Song chart UK
The UK charts started with the one published in "New Musical Express" (1952 - 1960), then the "Record Retailer" chart (1960 - 1969) and completed with the "The Official Charts Company" (since 1969). This slightly convoluted set was originally defined in "Guinness Book of British Hit Singles" and is different from that used, for example by the BBC, before 1969, as a result some songs that were announced as number ones (for example on the TV show "Top of the Pops") are listed differently here.
This chart was found at //www.chartstats.com/ which used to be a good site for examining the UK charts (until the official chart company shut them down). Some entries have had to be corrected to bring them in line with Guiness. There are a number of other sites that provide UK chart information, however most are either restricted in access (such as //www.theofficialcharts.com/) and/or contain too many errors (such as //www.everyhit.com/).
The attributes we use from this data are:
There are a wide range of ways to assign scores to artists in order to work out which artists are most significant. Here is one listing, of the top five artists of each decade within the UK chart. This has been calculated using a score that combines the position and the number of weeks in the charts.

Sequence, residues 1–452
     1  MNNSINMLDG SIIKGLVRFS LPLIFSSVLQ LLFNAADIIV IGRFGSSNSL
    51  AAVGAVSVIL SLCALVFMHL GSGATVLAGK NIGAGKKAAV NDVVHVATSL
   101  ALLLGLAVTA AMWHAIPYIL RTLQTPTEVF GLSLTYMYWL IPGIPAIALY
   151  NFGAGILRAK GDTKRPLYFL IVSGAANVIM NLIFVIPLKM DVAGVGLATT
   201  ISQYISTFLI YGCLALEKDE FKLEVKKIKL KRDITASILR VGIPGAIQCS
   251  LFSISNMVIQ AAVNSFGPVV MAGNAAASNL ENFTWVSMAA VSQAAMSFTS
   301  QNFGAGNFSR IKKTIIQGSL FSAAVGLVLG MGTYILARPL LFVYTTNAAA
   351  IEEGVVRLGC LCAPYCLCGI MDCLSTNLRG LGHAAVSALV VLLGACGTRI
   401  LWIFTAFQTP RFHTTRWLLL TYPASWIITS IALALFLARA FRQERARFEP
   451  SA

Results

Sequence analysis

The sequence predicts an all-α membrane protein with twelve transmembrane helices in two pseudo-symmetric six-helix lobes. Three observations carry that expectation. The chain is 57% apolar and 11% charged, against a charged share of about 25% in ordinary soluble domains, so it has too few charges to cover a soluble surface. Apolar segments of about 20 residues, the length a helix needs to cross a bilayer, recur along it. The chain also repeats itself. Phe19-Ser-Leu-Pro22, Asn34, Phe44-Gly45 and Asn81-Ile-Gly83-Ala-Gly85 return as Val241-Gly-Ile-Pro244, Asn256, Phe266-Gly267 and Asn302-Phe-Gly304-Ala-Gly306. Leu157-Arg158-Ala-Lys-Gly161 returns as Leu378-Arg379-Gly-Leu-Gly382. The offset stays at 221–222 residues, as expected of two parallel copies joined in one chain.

If we want to compare artists across the years we need to remove the systematic bias that comes from the different chart sizes for different eras. We can do that by first ording all the songs by success within a given year and then using this order to define a score (for example assigning 1.0 to the number 1 song, 0.5 to the number 2 and so on).
A number of song titles have been hits for more than one artist. Here are the twenty titles that have spent the most weeks in the UK charts. Twenty four artists have had hits with songs called "Crazy"!
The peak position that songs reached in the UK charts shows the expected smooth curve from number one to 100, in contrast to that displayed by the Billboard data. This suggests that the data has not been subjected to the same level of "fiddling" that the Billboard charts are.
The month in which a song first entered the UK chart.
The number of weeks that the average song spends in the UK chart has changed quite dramatically over the years, from well above 10 weeks in the late 1960s to less than 4 in the mid 1990s. Again this is in contrast to the Billboard charts (where the average duration was increasing during the same period). We have no good idea why this should be.